Justin Trudeau: “This Prime Minister has the worst rate of export growth of any prime minister since World War II.”
By: Dana Wagner on
Justin Trudeau, Liberal Party leader and candidate for Papineau, in the Munk leaders debate on September 28, 2015
It is true Stephen Harper’s government saw the lowest average annual growth in exports since 1946. But this is not the same thing as finding he is at fault for that record. A few experts argue he is not.FactsCan Score: Misleading
The Conservatives often flaunt their trade record, like the number of trade deals signed in the last decade. During the Munk leaders debate on foreign policy, another (mega) trade negotiation was nearing a close – the Trans-Pacific Partnership – so the topic was inevitable.
Countering the positive narrative, Justin Trudeau said, “this Prime Minister has the worst rate of export growth of any prime minister since World War II.”
The numbers are found in a 2015 report written by Unifor economists Jim Stanford and Jack Brennan. Unifor is a private sector union that is against Stephen Harper’s Conservatives in the 2015 election.
The report uses annual economic data for each year of a prime minister’s time in office to compare their records. The authors begin in 1946, and that covers the mandates of nine prime ministers, as the report excludes those in office for under one year: William Lyon Mackenzie King (1946-1948), Louis St. Laurent (1948-1957), John Diefenbaker (1957-1963), Lester Pearson (1963-1968), Pierre Trudeau (1968-1984), Brian Mulroney (1984-1993), Jean Chrétien (1993-2003), Paul Martin (2003-2006), and Stephen Harper (2006 to the most recent data year, 2014).
To compare the export growth rate of the men’s terms, the authors compared the average annual growth in real (inflation-adjusted) exports. The data come from Statistics Canada, from an online database covering 1961 on, and before that, from a 1983 publication by Statistics Canada, Historical Statistics of Canada.
A big problem with this type of analysis is the assumption that prime ministers can be credited for either strong or weak economies. That can’t be assumed. Consider the nuances: On the one hand, national policies like a free trade agreement could be directly linked to a growth in exports and imports. On the other hand, an external event like the financial meltdown that triggered the 2008-2009 global recession can tank an economy’s performance quite detached from any national-level action.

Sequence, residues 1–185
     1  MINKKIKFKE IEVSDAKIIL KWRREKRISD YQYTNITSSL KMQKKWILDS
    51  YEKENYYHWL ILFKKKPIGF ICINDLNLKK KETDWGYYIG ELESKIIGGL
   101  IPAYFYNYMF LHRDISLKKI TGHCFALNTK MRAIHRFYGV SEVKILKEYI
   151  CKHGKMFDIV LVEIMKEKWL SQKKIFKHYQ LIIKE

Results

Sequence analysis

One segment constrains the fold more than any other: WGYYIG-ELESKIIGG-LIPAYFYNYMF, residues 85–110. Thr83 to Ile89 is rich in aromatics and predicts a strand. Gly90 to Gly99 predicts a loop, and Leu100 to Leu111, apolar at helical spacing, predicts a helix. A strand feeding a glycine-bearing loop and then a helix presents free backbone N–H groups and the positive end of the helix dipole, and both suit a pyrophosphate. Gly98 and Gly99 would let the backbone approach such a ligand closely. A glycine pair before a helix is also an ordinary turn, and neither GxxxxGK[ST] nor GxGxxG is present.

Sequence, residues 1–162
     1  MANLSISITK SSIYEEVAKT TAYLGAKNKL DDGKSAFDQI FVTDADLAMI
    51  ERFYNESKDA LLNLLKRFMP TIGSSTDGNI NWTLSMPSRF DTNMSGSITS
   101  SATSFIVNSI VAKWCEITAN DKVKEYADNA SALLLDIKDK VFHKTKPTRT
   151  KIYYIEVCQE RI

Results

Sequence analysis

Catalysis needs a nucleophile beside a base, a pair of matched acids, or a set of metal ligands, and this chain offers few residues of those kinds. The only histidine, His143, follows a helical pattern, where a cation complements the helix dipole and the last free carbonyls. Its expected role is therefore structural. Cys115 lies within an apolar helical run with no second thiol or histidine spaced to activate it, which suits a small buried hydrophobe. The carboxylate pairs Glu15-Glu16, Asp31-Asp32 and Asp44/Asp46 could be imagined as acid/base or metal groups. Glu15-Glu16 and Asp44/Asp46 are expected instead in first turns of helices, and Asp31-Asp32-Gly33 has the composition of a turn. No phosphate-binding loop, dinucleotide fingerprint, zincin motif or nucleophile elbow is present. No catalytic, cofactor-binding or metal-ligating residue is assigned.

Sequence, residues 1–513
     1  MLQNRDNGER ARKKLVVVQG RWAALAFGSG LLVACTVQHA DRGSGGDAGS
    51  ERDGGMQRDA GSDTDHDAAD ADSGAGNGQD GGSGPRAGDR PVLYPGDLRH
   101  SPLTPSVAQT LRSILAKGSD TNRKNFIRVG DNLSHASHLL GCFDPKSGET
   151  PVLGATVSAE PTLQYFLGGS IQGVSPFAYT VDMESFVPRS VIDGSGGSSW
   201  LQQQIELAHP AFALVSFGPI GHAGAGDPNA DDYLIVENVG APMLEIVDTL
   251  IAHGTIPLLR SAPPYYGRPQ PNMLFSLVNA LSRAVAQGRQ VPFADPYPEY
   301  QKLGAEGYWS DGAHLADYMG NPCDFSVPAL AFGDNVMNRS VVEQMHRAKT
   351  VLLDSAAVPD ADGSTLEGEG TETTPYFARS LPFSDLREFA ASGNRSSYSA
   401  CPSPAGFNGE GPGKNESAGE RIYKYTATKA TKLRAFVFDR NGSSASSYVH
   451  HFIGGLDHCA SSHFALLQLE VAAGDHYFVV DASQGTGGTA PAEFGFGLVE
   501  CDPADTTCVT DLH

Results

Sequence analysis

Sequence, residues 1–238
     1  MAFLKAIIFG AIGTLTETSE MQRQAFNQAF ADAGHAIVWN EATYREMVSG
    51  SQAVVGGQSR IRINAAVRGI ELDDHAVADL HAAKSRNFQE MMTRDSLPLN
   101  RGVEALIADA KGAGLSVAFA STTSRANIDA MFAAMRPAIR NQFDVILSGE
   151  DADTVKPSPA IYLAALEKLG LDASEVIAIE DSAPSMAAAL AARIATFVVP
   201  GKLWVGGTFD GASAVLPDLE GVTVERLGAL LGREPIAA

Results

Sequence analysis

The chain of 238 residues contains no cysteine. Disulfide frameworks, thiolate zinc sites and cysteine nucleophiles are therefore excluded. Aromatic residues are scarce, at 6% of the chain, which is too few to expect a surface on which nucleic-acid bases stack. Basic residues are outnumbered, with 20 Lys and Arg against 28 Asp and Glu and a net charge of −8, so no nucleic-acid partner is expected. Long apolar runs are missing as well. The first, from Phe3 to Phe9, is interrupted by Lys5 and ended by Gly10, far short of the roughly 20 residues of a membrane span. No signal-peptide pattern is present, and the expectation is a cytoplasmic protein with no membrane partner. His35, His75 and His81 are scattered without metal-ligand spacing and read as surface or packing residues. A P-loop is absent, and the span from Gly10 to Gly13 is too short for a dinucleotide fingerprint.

With that in mind, here are the numbers for average annual growth in real exports:
St. Laurent: 2.7%
According to this analysis, Harper presided over a period that, compared to mandates of other prime ministers, boasts the worst average annual growth in exports. But is it fair to attribute export performance to this (or any) prime minister?
Because of the attribution problem, Michael Hart, a trade policy professor at the Norman Paterson School of International Affairs at Carleton University, called Trudeau’s statement “simplistic and misleading.” He said the claim “assumes that the volume or value of exports is in the hands of the government. Canada does not export, Canadian firms do, and government policy has less and less to do with it.”
Stephen Tapp, a research director at the Institute for Research on Public Policy and former economist for the Parliamentary Budget Officer, made a similar argument. By email, he explained, “the performance of the Canadian economy during the time of a prime minister’s tenure should not be fully attributed to (policy decisions by) that prime minister. There are plenty of factors that affect economic outcomes including: growth in the global economy (particularly the US), commodity prices, (domestic and foreign) interest rates, and also the policy decisions made by previous prime ministers.”
Tapp also pointed out longer-term factors that influence economic growth indicators like exports. Demographics is one, and comparing Canadian residents from the decades 1950 to 2010 is like night and day – think of average age, diversity, education, to name a few stark differences.
Does export growth rate matter?
Exports matter for different reasons. For exporting businesses, annual growth matters a lot. But if the point is to assess the overall health of the Canadian economy, looking at export growth may matter less.
“Yes, you can calculate annual export growth year by year and cumulatively over the course of a prime minister’s mandate,” Hart said. “But the resulting numbers will be largely meaningless.”
He said it’s irrelevant if goods and services are consumed in Canada or shipped outside. What matters more for economic health is productivity and full use of resources.
If we were simply looking at Canada’s export growth rate, then Trudeau’s claim would be true. According to the statistics compiled by Unifor, annual export growth under the recession-era mandate of the Harper government was the lowest since 1946. However, Trudeau’s claim is about Harper’s growth rate. According to experts, that’s misleading. There are too many factors outside the control of the Prime Minister to put him at fault.